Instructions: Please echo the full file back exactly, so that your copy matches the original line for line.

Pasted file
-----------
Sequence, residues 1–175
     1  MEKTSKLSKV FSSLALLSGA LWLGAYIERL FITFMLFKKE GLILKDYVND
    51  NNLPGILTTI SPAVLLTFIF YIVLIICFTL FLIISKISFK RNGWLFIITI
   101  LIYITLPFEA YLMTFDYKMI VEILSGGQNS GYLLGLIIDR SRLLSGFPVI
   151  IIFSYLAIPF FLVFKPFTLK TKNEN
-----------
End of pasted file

Sequence, residues 1–175
     1  MEKTSKLSKV FSSLALLSGA LWLGAYIERL FITFMLFKKE GLILKDYVND
    51  NNLPGILTTI SPAVLLTFIF YIVLIICFTL FLIISKISFK RNGWLFIITI
   101  LIYITLPFEA YLMTFDYKMI VEILSGGQNS GYLLGLIIDR SRLLSGFPVI
   151  IIFSYLAIPF FLVFKPFTLK TKNEN